The information in news releases is current at the time of the release. Note that the information shown here may not be latest information (termination of production or sales, changes to specifications or pricing, organizational or contact address changes, etc.), and may be subject to change without prior notice.
|Toyama Chemical agrees to out-license T-3811, a new-type quinolone synthetic antibacterial agent, to US firm Schering-Plough|
|March 31, 2004|
Toyama Chemical Co., Ltd. (President: Katsuhiko Nakano) has agreed to grant global development, usage, and sell rights to US firm Schering-Plough Corporation (Chairman and CEO: Fred Hassan) for T-3811 (generic name: garenoxacin), a new-type quinolone synthetic antibacterial agent under development by Toyama Chemical. The parties hope to negotiate and execute definitive agreements within the next 2-3 months.
Overview of the agreement
1. Toyama Chemical will grant Schering-Plough Corporation exclusive rights to develop, use, and sell worldwide, excluding Japan, South Korea, and China.
2. The parties hope to negotiate and execute definitive agreements, within the next 2-3 months.
3. Toyama Chemical will receive payment of US$80 million after the definitive agreements are executed.
4. Toyama Chemical will also receive additional payments totaling up to US$245 million as various milestone stages in the compound's development and commercialization are reached.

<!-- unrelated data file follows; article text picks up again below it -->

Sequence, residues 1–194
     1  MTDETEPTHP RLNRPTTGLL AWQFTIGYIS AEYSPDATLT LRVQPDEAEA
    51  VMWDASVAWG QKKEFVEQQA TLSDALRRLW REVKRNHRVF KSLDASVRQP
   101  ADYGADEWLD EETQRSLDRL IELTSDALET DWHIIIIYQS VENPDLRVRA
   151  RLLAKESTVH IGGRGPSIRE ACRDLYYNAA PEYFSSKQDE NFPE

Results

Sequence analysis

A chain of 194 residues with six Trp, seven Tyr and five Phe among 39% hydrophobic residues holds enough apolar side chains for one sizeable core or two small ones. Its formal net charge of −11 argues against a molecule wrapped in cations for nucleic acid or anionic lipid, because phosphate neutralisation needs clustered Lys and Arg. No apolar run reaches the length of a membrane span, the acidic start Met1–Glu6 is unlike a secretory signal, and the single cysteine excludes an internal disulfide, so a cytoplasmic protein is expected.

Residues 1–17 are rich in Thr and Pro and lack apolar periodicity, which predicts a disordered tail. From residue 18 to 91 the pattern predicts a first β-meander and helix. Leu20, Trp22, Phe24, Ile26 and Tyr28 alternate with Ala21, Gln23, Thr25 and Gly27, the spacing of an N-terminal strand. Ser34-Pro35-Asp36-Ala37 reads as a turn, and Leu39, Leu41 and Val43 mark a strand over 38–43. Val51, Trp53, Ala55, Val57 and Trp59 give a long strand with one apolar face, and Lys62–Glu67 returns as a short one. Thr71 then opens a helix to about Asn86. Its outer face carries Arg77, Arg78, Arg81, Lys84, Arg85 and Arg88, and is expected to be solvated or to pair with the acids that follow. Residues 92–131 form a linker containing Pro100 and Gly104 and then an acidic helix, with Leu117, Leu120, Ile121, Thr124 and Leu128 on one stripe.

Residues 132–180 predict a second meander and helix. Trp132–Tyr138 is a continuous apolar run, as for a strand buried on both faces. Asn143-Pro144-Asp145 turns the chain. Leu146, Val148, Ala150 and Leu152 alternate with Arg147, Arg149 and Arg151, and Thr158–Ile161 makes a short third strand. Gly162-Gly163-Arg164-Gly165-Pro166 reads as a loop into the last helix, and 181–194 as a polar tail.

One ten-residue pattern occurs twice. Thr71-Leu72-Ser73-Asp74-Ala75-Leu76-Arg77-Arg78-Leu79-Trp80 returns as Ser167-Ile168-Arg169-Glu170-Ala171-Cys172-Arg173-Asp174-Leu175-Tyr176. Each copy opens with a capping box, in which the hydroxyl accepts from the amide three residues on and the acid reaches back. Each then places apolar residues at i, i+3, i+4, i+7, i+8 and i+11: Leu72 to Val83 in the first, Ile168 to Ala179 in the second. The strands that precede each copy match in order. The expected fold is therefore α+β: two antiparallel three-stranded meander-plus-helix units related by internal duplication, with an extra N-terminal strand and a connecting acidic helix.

5. Toyama Chemical will supply Schering-Plough Corporation with bulk product at an agreed price commensurate with sales.
T-3811 is a new-type quinolone synthetic antibacterial agent originated by Toyama Chemical . The drug initially licensed out to US firm Bristol-Myers Squibb and global clinical development was conducted by them. The clinical trials showed excellent results mainly in respiratory and surgical infections. Toyama Chemical reacquired all rights to T-3811 from Bristol-Myers Squibb in October 2003, for their commercial reasons.
Toyama Chemical Co., Ltd. constantly strives to supply the world with innovative treatment methods for infectious diseases. In collaboration with Schering-Plough Corporation, Toyama Chemical aims to achieve early approval and to grow T-3811 overseas.